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Review

24

Feb
2020

In Review

By Elizabeth Wroten

Picture Book Review: Testing Jitters by Alisha Chenevert

On 24, Feb 2020 | In Review | By Elizabeth Wroten

Testing Jitters written by Alisha Chenevert, illustrated by Hatice Bayramoglu

On the cover of the picture book is a classroom. A variety of children are sitting at desks with papers in front of them and pencils in hand. In the center of the picture is a girl with braided pigtails, a bright pink shirt, and brown skin.
Image descritpion: On the cover of the picture book is a classroom. A variety of children are sitting at desks with papers in front of them and pencils in hand. In the center of the picture is a girl with braided pigtails, a bright pink shirt, and brown skin.

From Goodreads: Read along as a brilliant young lady by the name of Mya shares her struggles of testing anxiety. As Mya prepares for bed the night before a big test, she finds herself unable to fall asleep. Suddenly, a genie appears to grant her ten wishes which includes a journey through some of Mya’s favorite adventures. Throughout her journey, Mya learns to focus on positive thoughts that bring her joy and help her to relax as she prepares for a test. She awakes to find that she no longer has testing jitters and that all is well.

I once read an article that encouraged teachers to call tests “Zimbabwes” because that word was silly and less threatening than the word “test”. Besides being kind of racist for calling the name of a country in Africa silly and implying that it isn’t threatening, this isn’t a particularly useful strategy for reducing anxiety since kids aren’t stupid. They know a test is a test no matter what you call it and for those kids who get performance anxiety or testing jitters, they need REAL strategies for focusing their minds and working with their anxiety.

There are also studies about how simply mentioning or implying that certain groups are not good at a subject (such as saying women aren’t good at math) prior to administering a test impacts performance in a measurable way. All of which to say is, testing anxiety is real and some kids need extra help. Tests are something we all have to suffer through even in the adult world (hello, DMV) so working on the anxiety as a child can help kids become successful, fully functioning adults.

In Testing Jitters Mya is nervous about a big test at school the next day. Her mom tries to soothe her and offers words of encouragement as well as to make a good breakfast in the morning, but she still goes to bed worried. In her dreams that night she is met by Gina, a genie. Together the two girls talk about things that bring Mya joy. They dance, swing, and visit the beach. Gina teaches Mya that she can calm herself by thinking of her favorite activities and places as well as taking deep breaths and believing in herself. She wakes up refreshed and takes her mom up on a hearty breakfast.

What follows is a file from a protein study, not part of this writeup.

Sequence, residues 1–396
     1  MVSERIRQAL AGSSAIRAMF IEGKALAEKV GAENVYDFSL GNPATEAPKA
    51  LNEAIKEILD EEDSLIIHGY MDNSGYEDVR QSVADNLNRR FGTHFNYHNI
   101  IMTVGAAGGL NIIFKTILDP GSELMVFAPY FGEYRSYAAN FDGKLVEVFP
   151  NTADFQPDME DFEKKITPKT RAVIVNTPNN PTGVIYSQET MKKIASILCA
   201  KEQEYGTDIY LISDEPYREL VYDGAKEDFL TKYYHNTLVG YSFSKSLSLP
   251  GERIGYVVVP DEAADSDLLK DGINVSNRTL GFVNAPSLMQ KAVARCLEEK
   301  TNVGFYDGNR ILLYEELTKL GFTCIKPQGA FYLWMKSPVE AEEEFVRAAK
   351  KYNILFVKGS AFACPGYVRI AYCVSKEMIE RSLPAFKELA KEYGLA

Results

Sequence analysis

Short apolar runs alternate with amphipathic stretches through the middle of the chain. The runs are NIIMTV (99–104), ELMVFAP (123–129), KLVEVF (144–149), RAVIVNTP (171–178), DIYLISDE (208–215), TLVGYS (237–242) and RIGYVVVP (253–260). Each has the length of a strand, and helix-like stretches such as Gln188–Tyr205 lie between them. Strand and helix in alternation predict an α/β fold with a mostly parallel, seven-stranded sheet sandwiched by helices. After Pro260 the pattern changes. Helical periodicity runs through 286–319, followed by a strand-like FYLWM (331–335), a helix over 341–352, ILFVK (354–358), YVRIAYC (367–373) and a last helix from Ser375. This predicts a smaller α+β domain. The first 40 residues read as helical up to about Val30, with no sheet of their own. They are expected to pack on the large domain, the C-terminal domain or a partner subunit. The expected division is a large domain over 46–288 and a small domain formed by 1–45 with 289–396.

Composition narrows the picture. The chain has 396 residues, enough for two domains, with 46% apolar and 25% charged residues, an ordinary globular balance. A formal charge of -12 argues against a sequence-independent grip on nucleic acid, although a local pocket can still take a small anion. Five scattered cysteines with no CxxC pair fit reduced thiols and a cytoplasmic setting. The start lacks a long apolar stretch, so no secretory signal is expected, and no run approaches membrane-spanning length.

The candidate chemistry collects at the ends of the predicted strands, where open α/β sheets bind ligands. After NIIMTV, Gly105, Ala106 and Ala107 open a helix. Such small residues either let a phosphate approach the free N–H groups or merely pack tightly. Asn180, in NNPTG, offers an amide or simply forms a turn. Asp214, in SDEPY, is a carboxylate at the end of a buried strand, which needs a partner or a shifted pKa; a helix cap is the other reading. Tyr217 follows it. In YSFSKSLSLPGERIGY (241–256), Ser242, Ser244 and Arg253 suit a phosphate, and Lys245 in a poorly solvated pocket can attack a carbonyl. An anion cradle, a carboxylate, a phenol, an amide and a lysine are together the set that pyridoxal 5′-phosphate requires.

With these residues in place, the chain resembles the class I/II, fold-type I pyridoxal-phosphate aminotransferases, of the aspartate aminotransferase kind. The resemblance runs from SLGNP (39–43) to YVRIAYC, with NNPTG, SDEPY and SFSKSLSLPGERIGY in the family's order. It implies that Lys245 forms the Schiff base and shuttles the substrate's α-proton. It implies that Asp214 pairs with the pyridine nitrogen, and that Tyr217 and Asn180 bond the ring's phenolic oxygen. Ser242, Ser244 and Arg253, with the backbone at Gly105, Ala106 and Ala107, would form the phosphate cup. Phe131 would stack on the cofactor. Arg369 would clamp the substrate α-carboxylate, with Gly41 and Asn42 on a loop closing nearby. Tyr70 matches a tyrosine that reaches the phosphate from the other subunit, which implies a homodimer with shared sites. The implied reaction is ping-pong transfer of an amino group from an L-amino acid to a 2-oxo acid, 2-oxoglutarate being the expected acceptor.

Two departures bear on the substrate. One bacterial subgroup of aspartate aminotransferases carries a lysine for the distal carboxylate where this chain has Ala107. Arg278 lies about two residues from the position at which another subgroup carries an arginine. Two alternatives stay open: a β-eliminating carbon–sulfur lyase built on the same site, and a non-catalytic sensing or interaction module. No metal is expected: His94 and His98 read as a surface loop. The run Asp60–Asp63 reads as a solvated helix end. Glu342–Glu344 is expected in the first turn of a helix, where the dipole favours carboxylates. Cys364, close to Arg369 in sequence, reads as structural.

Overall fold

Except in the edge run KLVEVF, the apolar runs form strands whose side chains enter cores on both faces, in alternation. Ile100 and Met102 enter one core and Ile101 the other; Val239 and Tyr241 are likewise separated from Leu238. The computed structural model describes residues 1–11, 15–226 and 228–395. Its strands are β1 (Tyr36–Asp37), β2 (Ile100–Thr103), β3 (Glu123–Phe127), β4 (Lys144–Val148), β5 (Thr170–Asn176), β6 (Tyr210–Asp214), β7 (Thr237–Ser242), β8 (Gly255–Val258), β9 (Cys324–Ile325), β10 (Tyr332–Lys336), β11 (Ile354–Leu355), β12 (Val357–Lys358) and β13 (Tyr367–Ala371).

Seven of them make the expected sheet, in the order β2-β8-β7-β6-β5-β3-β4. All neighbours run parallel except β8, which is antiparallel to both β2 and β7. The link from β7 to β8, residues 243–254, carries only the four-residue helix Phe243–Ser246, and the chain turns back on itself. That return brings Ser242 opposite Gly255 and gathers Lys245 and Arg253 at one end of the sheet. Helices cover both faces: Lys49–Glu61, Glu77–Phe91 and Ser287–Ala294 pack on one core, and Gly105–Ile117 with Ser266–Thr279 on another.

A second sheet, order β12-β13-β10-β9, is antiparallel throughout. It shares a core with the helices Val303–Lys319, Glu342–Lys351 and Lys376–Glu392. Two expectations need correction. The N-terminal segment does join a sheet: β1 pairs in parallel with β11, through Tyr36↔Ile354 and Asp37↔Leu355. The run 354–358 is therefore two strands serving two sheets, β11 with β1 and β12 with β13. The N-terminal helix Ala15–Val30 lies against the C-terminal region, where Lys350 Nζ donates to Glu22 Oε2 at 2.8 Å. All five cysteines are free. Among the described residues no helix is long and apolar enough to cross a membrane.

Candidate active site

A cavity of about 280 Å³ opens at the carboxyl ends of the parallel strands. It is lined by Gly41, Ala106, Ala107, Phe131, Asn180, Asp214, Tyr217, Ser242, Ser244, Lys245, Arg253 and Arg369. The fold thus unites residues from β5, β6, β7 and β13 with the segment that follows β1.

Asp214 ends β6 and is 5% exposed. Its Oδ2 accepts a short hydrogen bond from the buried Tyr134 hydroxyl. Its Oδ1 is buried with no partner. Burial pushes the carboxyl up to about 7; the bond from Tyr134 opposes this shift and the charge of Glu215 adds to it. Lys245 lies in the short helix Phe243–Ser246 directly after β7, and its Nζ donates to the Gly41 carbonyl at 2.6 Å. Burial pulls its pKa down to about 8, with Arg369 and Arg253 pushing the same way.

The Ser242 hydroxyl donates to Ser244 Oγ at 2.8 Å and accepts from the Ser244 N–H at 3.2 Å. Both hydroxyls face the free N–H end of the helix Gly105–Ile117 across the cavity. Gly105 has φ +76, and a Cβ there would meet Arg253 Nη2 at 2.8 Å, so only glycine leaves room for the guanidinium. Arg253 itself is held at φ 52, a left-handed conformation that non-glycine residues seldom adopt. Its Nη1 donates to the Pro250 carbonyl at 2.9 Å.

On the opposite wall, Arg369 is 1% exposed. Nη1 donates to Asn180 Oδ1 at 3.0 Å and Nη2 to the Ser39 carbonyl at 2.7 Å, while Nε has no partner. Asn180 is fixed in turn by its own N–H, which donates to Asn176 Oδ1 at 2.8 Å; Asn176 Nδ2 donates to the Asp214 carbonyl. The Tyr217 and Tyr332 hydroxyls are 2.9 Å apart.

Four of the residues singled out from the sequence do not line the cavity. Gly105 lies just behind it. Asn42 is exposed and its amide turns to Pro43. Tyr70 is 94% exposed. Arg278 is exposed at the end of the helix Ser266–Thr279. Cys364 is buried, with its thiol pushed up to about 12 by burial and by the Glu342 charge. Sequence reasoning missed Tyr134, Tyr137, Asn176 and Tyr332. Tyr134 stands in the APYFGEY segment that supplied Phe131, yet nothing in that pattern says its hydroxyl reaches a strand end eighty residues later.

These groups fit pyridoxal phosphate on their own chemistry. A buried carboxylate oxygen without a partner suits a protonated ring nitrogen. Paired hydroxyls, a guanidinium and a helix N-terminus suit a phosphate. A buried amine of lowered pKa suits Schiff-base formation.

This is definitely a book for school libraries as well as classroom collections that teachers can pull out for working with anxious kiddos. Parents can work with kids to develop a list of strategies to try out for calming nerves- deep breaths, talking back to the anxious voice, finding some favorite places to visit to center themselves, etc. It’s helpful to see Mya do these things and find comfort in them as she sits down to take her big test. Testing anxiety (and honestly anxiety in general) is not a topic I see tackled a whole lot in kidlit, so Testing Jitters is a great addition to book shelves.

Disclosure: I was sent a review copy by the publisher, Melanin Origins, in exchange for an honest review.

Purchase the book here (not affiliate links)

Final note: If you do purchase this book, please post a review of it on Amazon. This will help other folks find the book and know that it’s worth purchasing. If you use any other book services like GoodReads or your local library’s online catalog be sure to post a review there too! And if your local library doesn’t have a copy, request that they purchase one.

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